—John Ruskin
  Her eyes were like a heaven, where sunlight always glows.
            —A. J. Ryan
  His eyes like those that Houris wear.
                Thine eyes
Mirage of sultry prisons, flashing in—
And out, like fulg’rous lightning through dark skies.
            —Francis S. Saltus
As a moonbeam white,
As a starbeam white,
Was her eye of iris ray.
            —Francis S. Saltus
  An eye, like Mars, to threaten and command.
            —William Shakespeare
Her eyes, as murder’d with the view,
Like stars ashamed of day, themselves withdrew.
            —William Shakespeare
            Thy eyes’ windows fall,
Like death, when he shuts up the day of life.
            —William Shakespeare
                His eye
Red as ’twould burn Rome.
            —William Shakespeare
  His eyes, like glow-worms, shine when he doth fret.
            —William Shakespeare
Her eyes, like marigolds, had sheath’d their light,
And canopied in darkness sweetly lay,
Till they might open to adorn the day.
            —William Shakespeare
                Eyes as fair
As star-beams among the twilight trees.
            —Percy Bysshe Shelley
                His faint eyes,
Like dew upon a sleeping flower.
            —Percy Bysshe Shelley
  Thine eyes are like the deep, blue boundless heaven.
            —Percy Bysshe Shelley
  Eyes like kindling flame.
            —Lydia Huntley Sigourney
In her hazel eyes her thoughts lay clear
As pebbles in a brook.
            —Alexander Smith
  Her goodly eyes like sapphires shining bright.
            —Edmund Spenser
  An eye is, for all the world, exactly like a cannon, in this respect, That it is not so much the eye or the cannon, in themselves, as it is the carriage of the eye, and the carriage of the cannon; by which both the one and the other are enabled to do so much execution.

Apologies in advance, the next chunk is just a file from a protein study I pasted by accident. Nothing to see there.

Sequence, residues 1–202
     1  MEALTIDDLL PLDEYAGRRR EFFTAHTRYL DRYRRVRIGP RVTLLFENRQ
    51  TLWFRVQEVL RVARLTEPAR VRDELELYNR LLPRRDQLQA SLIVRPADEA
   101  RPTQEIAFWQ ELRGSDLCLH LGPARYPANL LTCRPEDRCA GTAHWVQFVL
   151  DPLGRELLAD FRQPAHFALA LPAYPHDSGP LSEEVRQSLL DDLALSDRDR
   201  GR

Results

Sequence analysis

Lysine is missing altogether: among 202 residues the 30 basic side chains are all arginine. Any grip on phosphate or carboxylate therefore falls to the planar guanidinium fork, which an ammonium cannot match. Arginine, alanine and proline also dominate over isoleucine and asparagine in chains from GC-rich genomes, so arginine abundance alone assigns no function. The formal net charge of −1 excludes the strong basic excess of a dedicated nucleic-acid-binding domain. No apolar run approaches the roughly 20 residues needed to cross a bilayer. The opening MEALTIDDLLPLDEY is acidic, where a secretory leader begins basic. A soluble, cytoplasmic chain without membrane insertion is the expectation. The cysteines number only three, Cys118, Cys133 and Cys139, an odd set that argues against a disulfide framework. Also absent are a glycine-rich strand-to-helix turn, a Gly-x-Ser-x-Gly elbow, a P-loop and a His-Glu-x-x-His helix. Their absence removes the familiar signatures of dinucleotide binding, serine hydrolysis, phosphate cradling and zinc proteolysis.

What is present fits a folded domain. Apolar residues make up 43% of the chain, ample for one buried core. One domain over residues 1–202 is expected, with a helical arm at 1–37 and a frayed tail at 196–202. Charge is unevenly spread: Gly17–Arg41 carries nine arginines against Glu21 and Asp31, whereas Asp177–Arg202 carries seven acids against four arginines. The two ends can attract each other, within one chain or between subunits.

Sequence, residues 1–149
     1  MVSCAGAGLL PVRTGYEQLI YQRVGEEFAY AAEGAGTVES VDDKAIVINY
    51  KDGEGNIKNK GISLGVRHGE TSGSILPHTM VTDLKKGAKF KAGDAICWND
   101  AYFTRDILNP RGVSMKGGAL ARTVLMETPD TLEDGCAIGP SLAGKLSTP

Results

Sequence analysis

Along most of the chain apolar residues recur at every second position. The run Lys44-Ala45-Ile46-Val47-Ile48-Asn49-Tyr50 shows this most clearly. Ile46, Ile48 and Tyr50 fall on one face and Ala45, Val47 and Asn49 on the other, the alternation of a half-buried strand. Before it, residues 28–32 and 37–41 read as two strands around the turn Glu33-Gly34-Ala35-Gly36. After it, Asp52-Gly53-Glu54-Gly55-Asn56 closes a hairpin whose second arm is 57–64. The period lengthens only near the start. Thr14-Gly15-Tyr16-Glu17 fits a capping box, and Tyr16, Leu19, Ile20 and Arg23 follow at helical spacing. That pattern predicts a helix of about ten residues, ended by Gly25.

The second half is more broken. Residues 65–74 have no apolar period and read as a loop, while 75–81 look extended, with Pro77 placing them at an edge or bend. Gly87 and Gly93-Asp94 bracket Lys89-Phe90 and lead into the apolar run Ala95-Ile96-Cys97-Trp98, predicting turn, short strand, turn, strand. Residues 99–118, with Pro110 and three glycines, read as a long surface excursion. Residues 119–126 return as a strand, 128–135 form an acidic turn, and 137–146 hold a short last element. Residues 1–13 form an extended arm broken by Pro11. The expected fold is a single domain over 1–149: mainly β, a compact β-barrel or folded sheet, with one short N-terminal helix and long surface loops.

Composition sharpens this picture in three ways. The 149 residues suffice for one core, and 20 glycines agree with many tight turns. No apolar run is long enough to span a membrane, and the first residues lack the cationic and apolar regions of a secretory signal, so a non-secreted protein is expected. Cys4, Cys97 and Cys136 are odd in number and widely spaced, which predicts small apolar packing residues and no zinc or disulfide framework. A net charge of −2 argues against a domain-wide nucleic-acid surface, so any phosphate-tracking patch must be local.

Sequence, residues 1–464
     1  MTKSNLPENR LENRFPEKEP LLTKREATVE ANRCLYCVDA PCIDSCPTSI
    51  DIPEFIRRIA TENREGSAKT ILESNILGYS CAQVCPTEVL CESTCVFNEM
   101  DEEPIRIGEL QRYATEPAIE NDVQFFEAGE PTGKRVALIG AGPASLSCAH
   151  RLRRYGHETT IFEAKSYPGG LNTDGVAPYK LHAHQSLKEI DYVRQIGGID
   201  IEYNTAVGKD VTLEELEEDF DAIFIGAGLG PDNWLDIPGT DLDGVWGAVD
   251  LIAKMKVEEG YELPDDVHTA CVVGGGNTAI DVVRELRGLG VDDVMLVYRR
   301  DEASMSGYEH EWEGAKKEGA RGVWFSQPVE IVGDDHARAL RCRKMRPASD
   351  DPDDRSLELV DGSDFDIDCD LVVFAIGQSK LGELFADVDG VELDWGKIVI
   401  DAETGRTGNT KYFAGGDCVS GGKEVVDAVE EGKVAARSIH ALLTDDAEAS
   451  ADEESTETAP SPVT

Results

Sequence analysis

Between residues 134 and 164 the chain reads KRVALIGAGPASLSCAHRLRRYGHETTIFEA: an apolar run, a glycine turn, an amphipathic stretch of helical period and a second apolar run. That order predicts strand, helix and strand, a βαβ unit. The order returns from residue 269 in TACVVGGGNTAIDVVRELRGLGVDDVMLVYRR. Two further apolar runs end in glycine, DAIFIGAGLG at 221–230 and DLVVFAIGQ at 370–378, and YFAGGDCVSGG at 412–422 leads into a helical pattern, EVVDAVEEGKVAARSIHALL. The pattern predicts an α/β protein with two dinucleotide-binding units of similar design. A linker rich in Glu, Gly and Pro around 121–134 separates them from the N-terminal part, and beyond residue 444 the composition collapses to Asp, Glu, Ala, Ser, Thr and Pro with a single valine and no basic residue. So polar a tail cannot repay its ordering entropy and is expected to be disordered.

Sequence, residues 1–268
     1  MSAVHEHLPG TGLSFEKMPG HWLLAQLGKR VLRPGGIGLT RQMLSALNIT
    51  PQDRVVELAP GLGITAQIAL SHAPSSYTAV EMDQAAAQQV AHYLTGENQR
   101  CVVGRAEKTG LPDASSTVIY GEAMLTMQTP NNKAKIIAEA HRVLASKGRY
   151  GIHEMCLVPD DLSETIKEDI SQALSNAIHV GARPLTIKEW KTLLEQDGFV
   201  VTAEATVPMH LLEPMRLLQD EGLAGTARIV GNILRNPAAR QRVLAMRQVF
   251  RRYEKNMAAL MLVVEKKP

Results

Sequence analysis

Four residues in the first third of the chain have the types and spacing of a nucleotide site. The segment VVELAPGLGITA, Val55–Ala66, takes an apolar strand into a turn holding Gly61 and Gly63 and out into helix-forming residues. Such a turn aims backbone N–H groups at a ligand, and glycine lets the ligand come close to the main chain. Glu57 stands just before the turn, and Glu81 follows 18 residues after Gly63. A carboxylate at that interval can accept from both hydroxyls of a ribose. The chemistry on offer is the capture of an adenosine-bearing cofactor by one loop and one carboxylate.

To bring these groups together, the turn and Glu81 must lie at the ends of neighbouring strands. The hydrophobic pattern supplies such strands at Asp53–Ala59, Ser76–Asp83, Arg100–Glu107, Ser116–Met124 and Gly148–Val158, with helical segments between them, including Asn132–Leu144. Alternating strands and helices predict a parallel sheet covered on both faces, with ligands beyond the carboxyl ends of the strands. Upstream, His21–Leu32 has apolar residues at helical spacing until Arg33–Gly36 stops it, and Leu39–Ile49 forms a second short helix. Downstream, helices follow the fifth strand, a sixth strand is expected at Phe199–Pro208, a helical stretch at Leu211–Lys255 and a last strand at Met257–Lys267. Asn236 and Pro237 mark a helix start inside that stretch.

—Laurence Sterne
An old light smolders in her eye
There! she looks up. They grow and glow
Like mad laughs or a rhapsody
That flickers out in woe.
            —Trumbull Stickney
  Eyes as glad as summer.
            —Algernon Charles Swinburne
Gold-eyed as the shore-flower shelterless
Whereon the sharp-breathed sea blows bitterness,
A storm-star that the seafarers of love
Strain their wind-wearied eyes for glimpses of.
            —Algernon Charles Swinburne
Your grave majestic eyes
Like a bird’s warbled words
Speak, and sorrow dies.
            —Algernon Charles Swinburne
Pale as the skies.
            —Arthur Symons
His threatening eyes
Like flaming torches burned.
            —Torquato Tasso
  Eyes … clear as the unshadowed Grecian heaven.
            —Bayard Taylor
Like a blue spot in the sky
Was her clear and loving eye.
            —Sir Henry Taylor
  Eyes like heaven’s own blue.
            —Esaias Tegner
  His eyes are like the eyelids of the morning.
            —Old Testament
  Thine eyes are like the fish-pools in Heshbon, by the gate of Bathrabbim.
            —Old Testament
  Eyes like unto a flame of fire.
            —Old Testament
But woe’s me, and woe’s me,
For the secrets of her eyes!
In my visions fearfully
They are ever shown to be
As fringèd pools, whereof each lies
Pallid—dark beneath the skies
Of a night that is
But one blear necropolis
And her eyes a little tremble, in the wind of her own sighs.
            —Francis Thompson
  Like pansies dark i’ the June o’ the year, grow my Love’s glad eyes.
            —James Thomson
  Her eyes are like the statues,—mild, grave, and wide.
            —Paul Verlaine
  Eyes, dark and mysterious as Night’s; but, like Night’s own eyes, ready, I thought, to call up the throbbing fires of a million stars.
            —Theodore Watts-Dunton
  Eyes flashing like sapphires.
            —Theodore Watts-Dunton
Eyes like English skies, where seemed to play
Deep azure dreams behind the tender grey.
            —Theodore Watts-Dunton
                O deep eyes,
Darker and softer than the bluest dusk
Of August violets, darker and deeper
Like crystal fathomless lakes in summer moons.
            —Augusta Webster
How brilliant and mirthful the light of her eye,
Like a star glancing out from the blue of the sky.